Power, Dignity, Choice, and Bobby Seale

I have a favorite story that helps me understand and explain a fundamental aspect of how power works.

Of course power is complex, and of course there are countless major social theories about its operation in the world. But like other complex and rich social phenomena, it isn’t as if we understand nothing without knowing the words of these theories. We have a rooted sense in our bodies and minds of how power from our own experiences with it, either from having power enacted upon us, enacting it upon others, or watching it play out around us. When I taught Intro to Sociology every semester, I actually used to introduce this conversation by showing an episode of the Office, which lead to a conversation about Weberian authority. Important for us today: no one has authority unless the people below see them as legitimate i.e. bestow them some kind of authority. But I digress, because that is not exactly the example I want to talk about.

The real point I want to make here is the related idea that when you really think about it no one can actually make you do anything. Human beings always have some kind of agency. They may have a very limited (or constrained) agency, when faced with a very bad set of options, for example: do something or be killed. But they can always choose to refuse and be killed. You have not actually “made” the person do anything. You have given them a crappy choice. This difference is more than semantic.

Here is my favorite example to illuminate that further.

Color drawing of Bobby Seale, bound and gagged in a seat, pen and paper in hand.
Courtroom drawing of Bobby Seale by Howard Brodie. Held by the Library of Congress.

In the fall of 1969, Bobby Seale, at the time the National Chairman of the Black Panther Party, was on trial in Chicago. Seale was being tried in the aftermath of the 1968 convention in Chicago. The charge was using interstate transportation to incite a riot.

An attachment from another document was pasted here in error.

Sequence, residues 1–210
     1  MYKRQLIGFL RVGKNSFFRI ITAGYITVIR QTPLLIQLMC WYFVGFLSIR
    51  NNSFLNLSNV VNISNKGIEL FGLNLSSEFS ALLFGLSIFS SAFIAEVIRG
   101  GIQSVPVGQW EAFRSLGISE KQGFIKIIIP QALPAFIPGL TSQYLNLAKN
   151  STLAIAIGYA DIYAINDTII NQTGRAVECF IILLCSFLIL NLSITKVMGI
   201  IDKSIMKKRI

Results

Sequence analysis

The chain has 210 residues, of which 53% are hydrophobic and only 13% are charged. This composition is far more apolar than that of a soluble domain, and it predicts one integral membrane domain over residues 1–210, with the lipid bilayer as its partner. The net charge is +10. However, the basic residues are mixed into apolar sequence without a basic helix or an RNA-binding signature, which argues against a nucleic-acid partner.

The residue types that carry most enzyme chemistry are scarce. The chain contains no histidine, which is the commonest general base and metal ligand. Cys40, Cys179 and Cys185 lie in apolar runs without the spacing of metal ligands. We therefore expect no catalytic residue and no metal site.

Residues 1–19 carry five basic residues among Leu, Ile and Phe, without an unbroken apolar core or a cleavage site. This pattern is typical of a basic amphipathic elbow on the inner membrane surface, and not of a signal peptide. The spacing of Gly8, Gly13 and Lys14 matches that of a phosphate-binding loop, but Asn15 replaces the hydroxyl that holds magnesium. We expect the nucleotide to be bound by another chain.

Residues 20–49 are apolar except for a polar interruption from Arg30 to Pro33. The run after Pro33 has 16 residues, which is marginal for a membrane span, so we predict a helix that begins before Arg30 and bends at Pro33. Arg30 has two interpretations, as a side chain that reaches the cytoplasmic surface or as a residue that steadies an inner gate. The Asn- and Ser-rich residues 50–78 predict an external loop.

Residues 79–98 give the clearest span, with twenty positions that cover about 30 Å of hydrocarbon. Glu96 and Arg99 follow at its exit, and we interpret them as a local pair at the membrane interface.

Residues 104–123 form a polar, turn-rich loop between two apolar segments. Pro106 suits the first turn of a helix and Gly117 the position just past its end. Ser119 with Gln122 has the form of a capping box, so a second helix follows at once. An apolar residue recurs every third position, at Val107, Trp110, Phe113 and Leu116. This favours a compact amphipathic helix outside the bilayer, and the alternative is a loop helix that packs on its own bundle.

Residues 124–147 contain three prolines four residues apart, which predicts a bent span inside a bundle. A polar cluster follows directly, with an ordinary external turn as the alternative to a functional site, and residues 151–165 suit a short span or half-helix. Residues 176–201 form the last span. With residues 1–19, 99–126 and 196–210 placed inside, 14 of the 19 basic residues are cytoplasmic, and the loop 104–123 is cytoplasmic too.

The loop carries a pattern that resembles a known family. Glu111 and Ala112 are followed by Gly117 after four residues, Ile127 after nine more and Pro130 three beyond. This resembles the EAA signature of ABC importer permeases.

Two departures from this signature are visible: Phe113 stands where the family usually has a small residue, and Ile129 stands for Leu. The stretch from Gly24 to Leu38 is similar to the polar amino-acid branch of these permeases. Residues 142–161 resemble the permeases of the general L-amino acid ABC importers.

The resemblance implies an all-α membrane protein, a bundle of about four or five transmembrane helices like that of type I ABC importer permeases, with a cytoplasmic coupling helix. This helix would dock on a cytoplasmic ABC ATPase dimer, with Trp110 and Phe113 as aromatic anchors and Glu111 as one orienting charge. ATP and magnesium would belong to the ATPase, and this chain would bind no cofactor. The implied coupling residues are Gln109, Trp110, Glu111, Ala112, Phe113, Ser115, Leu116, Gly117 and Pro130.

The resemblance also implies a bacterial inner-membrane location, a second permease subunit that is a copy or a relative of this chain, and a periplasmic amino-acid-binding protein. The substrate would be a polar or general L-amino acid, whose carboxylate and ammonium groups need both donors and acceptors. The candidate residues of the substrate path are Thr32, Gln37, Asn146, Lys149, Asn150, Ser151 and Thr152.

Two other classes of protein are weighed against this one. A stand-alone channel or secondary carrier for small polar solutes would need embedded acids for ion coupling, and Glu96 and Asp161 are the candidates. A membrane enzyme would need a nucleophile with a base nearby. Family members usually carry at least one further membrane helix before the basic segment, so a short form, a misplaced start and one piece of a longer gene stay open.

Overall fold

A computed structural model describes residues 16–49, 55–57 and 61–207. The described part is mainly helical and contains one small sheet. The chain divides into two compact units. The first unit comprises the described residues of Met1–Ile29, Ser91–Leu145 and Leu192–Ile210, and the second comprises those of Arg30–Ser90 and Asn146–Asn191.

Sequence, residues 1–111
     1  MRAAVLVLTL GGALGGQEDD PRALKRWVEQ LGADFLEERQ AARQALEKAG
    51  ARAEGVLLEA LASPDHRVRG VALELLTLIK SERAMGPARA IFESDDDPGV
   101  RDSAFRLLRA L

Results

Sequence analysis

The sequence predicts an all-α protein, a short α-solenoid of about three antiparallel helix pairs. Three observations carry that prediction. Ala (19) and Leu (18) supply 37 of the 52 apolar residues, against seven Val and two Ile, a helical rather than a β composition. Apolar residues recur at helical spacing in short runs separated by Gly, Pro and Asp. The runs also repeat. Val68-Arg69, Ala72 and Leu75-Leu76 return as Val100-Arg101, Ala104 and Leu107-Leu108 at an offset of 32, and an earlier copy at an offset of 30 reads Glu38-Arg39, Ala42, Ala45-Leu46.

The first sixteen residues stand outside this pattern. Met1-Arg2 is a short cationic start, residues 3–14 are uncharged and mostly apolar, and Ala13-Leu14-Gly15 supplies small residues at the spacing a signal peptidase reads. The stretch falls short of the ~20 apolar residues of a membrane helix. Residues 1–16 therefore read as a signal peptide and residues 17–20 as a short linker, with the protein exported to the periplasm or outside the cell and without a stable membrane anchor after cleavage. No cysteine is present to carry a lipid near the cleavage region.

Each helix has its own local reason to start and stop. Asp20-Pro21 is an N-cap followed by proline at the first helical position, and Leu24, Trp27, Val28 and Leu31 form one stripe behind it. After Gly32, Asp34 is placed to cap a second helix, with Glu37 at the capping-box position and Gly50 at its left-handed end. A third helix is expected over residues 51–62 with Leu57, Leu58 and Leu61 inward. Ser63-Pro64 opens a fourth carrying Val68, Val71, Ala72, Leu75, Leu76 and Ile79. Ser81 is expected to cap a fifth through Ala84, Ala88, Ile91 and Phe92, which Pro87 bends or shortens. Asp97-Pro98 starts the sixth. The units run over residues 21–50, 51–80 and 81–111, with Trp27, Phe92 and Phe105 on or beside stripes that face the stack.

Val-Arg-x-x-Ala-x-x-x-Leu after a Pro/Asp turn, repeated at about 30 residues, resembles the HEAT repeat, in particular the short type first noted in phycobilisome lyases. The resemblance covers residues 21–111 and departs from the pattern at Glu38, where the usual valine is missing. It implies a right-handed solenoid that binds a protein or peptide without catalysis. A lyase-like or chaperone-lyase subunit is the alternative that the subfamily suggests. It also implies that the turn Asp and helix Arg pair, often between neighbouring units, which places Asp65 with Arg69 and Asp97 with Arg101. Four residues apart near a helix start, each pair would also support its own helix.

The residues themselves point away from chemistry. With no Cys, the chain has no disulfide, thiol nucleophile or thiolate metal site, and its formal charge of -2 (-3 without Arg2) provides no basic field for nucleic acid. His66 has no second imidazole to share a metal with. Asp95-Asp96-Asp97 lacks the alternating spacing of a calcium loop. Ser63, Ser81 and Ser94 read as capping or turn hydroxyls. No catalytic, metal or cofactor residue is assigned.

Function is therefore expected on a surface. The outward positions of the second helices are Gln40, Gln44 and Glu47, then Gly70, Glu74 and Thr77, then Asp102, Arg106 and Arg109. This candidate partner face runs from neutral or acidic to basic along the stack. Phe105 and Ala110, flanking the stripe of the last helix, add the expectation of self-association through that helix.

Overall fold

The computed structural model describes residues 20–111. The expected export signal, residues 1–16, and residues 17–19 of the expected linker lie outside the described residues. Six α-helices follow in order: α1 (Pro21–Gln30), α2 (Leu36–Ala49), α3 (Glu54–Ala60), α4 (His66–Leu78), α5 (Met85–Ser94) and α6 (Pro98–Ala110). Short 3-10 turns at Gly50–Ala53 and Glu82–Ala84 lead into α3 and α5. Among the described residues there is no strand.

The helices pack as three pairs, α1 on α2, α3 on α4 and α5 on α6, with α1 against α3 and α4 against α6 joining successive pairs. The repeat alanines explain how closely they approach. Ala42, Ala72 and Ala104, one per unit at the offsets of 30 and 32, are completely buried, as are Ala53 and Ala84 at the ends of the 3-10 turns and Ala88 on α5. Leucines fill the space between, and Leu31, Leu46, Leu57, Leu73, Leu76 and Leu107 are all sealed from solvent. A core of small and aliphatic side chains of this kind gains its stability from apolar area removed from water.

Originally Seale was the only African American on trial alongside seven others, a group that included Abbie Hoffman. The trial was a circus, which was to some extent intentional on the part of the defiant, countercultural defendants. Apparently one day two defendants wore judge’s robes to court and then wiped their feet on them. Eventually Seale’s case was severed from the other seven.

Bobby Seale and his lawyer asked for a delay for his portion of the case because his lawyer was sick and couldn’t represent him, but Judge Hoffman refused, saying that Seale could just be represented by the defense lawyer representing some of the others. Seale insisted on his right to represent himself in that case.

It would seem that this violation of his right to a lawyer outraged Bobby Seale and he continued to complain about it in an attempt to stop the trial from going forward without him being represented by his own choice of counsel. The judge, in turn, wanted to stop Seale’s outbursts and to keep the trial moving.

Of course in the United States due process requires that defendants must be present in order for them to be tried. What generally happens in this situation is that judges threaten to hold defendants in contempt of court, a crime which can include significant fines or jail time. Dear reader, you may have already gotten there: this does not actually solve the problem unless the defendant chooses to change their behavior to avoid further penalty because the defendant must still be in the courtroom for the case to go on.

Bobby Seale was a trained revolutionary, who did not expect justice to be issued in a US court because he sat quietly and waited for it. He was not moved by being held in contempt of court.

In this case, an extraordinary (and horrific) measure was taken. Judge Hoffman ordered that Seale be bound and gagged inside the courtroom. Even more extraordinarily however, this act could not quiet Bobby Seale. Even bound and gagged he found a way to use his voice to disrupt the unjust proceedings. The UPI headline read “Bound, gagged Bobby Seale still manages wild scuffle in court.”